More and more places are cracking down on corrupt puppy and kitty mills that force animals to breed, and then the mills sell the litters for outrageous prices. Although the urge to own a purebred pup might be strong, with a little due diligence you can often find them at shelters for a fraction of the cost. Animals in shelters are often abandoned, abused, and many are euthanized if they can’t be placed in a home. You can make a difference by giving them a new life full of love and security. Often the funds you do spend will go towards keeping these facilities in operation. Check out the app AllPaws, which helps pair hopeful pet parents with their perfect match based on activity level, housing type, and other variables.

2) Buy pet food in bulk

Whether you prefer to put your pet on a specific diet or a simple, no-frills routine, you can often buy your pet food in bulk on sites like Amazon or Chewy.com. Membership warehouses like Costco and Sam’s Club and big chains like Target also sell bulk pet food to help you cut costs. Avoid paying extra for pet foods that promise “premium” nutrition without specifying their value. According to Consumer Reports, any pet foods, including store brands, labeled “complete and balanced,” “total nutrition” or “100 percent nutritious” will meet nutritional standards.

3) Make homemade pet toys

If you’ve ever had the pleasure of moving with a cat in tow, you’ve probably witnessed them go crazy climbing in and out of empty boxes. We always want our pets to have the best of the best when it comes to entertainment, but they’re much easier to please than we are. A simple string, laser pointer, or empty box can do wonders for keeping a kitty busy, and a few tennis balls can last a lifetime with an energetic pup. Here are a few fun ideas to get you started.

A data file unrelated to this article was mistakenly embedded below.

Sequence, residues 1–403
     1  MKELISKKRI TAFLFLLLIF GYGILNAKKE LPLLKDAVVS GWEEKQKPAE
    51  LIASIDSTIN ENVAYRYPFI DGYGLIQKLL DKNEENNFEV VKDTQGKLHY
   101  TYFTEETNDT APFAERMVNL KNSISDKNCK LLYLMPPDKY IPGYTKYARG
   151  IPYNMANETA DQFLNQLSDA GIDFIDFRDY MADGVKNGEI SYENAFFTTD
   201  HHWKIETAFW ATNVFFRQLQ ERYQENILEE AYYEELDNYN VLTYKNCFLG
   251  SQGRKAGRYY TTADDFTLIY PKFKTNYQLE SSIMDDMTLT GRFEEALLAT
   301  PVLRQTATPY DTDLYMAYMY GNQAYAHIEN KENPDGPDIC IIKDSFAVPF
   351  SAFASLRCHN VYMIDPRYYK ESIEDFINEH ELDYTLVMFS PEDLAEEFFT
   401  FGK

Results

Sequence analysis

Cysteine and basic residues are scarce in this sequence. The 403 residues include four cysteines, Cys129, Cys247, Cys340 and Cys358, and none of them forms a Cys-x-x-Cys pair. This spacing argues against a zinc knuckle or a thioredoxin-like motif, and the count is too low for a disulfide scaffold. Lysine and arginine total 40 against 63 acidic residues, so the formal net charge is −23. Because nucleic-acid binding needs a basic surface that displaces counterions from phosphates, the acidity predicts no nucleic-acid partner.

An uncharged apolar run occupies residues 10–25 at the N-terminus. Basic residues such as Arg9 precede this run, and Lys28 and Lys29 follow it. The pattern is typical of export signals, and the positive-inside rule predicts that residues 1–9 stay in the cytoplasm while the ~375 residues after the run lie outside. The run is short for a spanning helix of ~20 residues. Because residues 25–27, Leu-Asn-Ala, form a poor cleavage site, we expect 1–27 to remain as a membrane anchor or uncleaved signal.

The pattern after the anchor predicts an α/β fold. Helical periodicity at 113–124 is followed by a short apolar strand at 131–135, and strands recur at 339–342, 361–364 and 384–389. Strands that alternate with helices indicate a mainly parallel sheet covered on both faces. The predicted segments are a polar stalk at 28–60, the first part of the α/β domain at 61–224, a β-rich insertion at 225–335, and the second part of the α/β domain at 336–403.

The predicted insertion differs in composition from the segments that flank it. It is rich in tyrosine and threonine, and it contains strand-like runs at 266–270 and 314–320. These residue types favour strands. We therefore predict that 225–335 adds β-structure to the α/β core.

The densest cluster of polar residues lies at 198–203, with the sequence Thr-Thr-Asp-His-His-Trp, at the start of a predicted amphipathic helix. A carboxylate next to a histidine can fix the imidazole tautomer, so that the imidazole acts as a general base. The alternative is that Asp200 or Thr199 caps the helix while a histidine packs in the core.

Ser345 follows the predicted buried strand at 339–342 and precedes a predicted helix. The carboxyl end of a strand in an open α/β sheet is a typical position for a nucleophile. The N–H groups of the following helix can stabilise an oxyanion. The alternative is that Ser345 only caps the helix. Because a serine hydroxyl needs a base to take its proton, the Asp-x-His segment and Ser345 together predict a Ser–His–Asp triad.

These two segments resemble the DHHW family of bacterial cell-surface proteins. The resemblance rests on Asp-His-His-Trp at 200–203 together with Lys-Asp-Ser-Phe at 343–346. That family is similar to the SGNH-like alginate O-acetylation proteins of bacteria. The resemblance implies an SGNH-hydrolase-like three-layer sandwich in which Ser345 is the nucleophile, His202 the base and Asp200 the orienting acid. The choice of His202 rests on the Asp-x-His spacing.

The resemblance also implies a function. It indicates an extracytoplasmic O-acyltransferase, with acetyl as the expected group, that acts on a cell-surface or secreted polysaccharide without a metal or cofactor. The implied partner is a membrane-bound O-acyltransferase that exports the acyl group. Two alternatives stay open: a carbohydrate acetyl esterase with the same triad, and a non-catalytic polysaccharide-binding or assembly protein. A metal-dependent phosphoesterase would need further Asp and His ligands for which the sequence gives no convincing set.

4) Save on pet meds

A healthy pet should have fairly low veterinary costs, and you can cut those further by ordering meds from 1-800-PETMEDS or PetCareRX, which offer regular deals and discounts, unlike your local vet’s office. Do a little research on the prescription and see if you can find a generic version at Rite Aid or Walmart for a fraction of the cost.

5) DIY grooming

You’ll notice your pet’s coat change with the seasons depending on where its breed originates from and if they’re long or short-haired. Invest in a pet shampoo and perhaps a cheap plastic kiddie pool (or a bathtub depending on the size of your animal) and groom them regularly at home instead. By brushing their teeth, clipping nails, and washing them every week or two, you will cut your grooming visits down to a few times a year.

Just like with a child, there are ways to budget and make your money go further with pet care. And unlike an infant, you won’t have to worry about the costs of daycare, health insurance or college down the line. As more people recognize the financial advantages of raising a furry friend, there’s a chance that the millennial generation might end up having more pets than children!

Traveling to Vietnam: Things to Eat, Drink and See

As we roll out our launch, a few of our U.S. employees have been traveling to Vietnam to assist our team there. It’s a country that is embracing technology, and recently the New Economics Foundation even rated it the 5th happiest country in the world. Happy people in a thriving country seem to go hand-in-hand.